I’m not a regular viewer of House, but I do know that House himself suffers from chronic pain, which is part of what drives him to look at every possible angle in order to properly diagnose the chronic pain patient. Like a lot of us arthritis warriors, our disease can sometimes be difficult to identify. I know people who have been in pain for years, yet have gone that entire time without a true diagnosis.

We all know, all to well, that time spent in pain (diagnosed or not) is emotionally and physically taxing, as it is shown in this episode. Two quotes from “Painless” that perfectly illustrate that point: Patient: “I pray for strength more than hope.” (Wow, I can relate to that quote on a lot of levels.) House: “He’s [the patient] not in pain because he’s depressed. He’s depressed because he’s in pain.”

Another quote that really struck me from the episode is this one:

“You’re alone, that’s why you can handle your pain,” the patient explains to House. “No need to put up a front to be what anyone else wants you to be.”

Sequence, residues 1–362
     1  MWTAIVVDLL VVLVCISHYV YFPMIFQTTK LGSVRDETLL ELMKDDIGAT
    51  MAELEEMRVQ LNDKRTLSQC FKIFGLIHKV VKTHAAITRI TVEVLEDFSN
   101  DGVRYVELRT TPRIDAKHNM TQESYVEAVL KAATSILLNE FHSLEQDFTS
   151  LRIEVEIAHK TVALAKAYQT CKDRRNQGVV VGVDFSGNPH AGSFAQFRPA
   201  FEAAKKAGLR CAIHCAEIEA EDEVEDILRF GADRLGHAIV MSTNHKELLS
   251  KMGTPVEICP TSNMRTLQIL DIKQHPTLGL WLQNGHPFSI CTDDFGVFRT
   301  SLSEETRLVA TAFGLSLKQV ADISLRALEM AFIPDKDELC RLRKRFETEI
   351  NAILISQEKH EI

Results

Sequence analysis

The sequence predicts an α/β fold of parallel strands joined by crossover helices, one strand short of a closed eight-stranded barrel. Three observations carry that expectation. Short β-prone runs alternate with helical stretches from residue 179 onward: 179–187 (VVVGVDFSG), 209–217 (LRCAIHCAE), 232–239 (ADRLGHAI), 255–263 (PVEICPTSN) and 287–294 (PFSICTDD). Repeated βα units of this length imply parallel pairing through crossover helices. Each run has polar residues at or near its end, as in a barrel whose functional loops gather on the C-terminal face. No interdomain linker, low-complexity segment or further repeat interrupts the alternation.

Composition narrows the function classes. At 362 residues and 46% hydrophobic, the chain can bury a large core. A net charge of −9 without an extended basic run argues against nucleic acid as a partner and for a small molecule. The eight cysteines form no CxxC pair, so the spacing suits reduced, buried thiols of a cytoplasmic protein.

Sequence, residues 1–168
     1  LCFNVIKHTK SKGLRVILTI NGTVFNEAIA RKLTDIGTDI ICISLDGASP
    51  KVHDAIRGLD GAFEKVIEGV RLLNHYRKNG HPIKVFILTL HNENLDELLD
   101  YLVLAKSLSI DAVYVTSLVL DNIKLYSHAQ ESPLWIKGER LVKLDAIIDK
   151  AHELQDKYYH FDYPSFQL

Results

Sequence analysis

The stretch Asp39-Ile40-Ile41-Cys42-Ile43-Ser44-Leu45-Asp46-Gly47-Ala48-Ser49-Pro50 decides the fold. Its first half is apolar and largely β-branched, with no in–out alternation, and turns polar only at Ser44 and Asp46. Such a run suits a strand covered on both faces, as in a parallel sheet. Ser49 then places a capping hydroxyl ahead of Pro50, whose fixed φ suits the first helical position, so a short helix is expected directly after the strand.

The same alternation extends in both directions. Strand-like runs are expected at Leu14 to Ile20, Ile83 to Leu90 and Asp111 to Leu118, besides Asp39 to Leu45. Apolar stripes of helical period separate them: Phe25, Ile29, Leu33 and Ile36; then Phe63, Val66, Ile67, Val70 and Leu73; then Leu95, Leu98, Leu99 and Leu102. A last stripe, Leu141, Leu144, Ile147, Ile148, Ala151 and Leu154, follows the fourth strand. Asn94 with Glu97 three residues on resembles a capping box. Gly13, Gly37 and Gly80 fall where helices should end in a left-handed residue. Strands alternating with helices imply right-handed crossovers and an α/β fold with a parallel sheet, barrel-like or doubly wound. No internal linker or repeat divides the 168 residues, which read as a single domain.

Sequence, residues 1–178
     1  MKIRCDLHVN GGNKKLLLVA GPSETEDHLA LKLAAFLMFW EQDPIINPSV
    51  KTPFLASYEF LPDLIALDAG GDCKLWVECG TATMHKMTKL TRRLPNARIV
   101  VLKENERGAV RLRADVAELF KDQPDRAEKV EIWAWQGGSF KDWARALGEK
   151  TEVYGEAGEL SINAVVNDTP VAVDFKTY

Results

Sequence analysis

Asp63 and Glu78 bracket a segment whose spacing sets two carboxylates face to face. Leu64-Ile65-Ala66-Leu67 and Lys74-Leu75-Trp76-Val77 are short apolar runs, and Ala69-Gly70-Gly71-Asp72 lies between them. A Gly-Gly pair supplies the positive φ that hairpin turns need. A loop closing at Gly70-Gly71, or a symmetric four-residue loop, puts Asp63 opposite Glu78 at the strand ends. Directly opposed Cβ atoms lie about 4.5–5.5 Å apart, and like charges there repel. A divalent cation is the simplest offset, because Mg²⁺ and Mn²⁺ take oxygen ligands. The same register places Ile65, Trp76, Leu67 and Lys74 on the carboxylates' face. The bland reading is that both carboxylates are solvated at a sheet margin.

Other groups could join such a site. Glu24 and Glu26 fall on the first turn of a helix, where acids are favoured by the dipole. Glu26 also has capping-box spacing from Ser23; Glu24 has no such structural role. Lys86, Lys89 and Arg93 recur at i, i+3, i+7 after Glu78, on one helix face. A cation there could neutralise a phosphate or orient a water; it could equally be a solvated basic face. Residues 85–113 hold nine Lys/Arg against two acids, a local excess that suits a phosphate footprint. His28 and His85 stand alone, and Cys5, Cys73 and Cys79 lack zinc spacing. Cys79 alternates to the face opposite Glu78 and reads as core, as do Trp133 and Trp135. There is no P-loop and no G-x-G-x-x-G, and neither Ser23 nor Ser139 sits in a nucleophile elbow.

This line makes me think that one of the writers responsible for this episode had some personal experience with chronic pain because it is dead on. On days that I don’t feel so great, but have to go to work, I’m definitely putting up that front. It’s become so automatic that I don’t realize it until I come home exhausted. Sometimes putting up that front is a necessary part of coping, I would get tired of hearing myself complain if I grumbled each time that I was experiencing pain. Plus, I think complaining on a regular basis would make my pain more difficult to manage. Anyone else agree with me?

I recommend giving this episode a look, so I embedded it in the post. Watch it with a friend or loved one and use it as a jumping off point for a discussion about your chronic pain. You can also check it out on or

If you have seen other shows deal with this subject, or arthritis, please let us know in the comments. I’d love to check them out, too.

I’ll leave you with this quote:
“Gotta let the phone ring more than four times when you are calling a cripple.” -House

Arthritis Patient Seeking Dr. Right

Happy Valentine’s Day, arthritis friends!

“Doctors” is a popular topic at my young adult support group meetings. I’m lucky that the two rheumatologists I’ve seen for my arthritis have both been excellent. But, more often than not, people I know tend to complain about their doctors.